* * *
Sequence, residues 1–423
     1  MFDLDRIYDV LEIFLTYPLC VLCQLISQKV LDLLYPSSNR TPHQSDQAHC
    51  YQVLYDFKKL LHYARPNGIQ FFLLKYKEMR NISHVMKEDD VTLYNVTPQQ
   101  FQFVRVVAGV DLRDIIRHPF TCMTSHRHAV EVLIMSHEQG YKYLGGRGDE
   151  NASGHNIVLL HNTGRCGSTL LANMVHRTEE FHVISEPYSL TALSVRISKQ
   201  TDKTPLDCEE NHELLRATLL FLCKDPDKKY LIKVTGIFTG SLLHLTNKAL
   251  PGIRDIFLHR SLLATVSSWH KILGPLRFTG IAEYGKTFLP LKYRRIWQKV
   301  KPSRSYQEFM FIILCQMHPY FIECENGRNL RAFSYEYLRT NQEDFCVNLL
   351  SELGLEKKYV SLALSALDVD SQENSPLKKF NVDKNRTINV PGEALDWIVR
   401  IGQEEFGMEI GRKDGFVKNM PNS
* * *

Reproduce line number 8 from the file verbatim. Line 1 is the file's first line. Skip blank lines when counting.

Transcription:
   301  KPSRSYQEFM FIILCQMHPY FIECENGRNL RAFSYEYLRT NQEDFCVNLL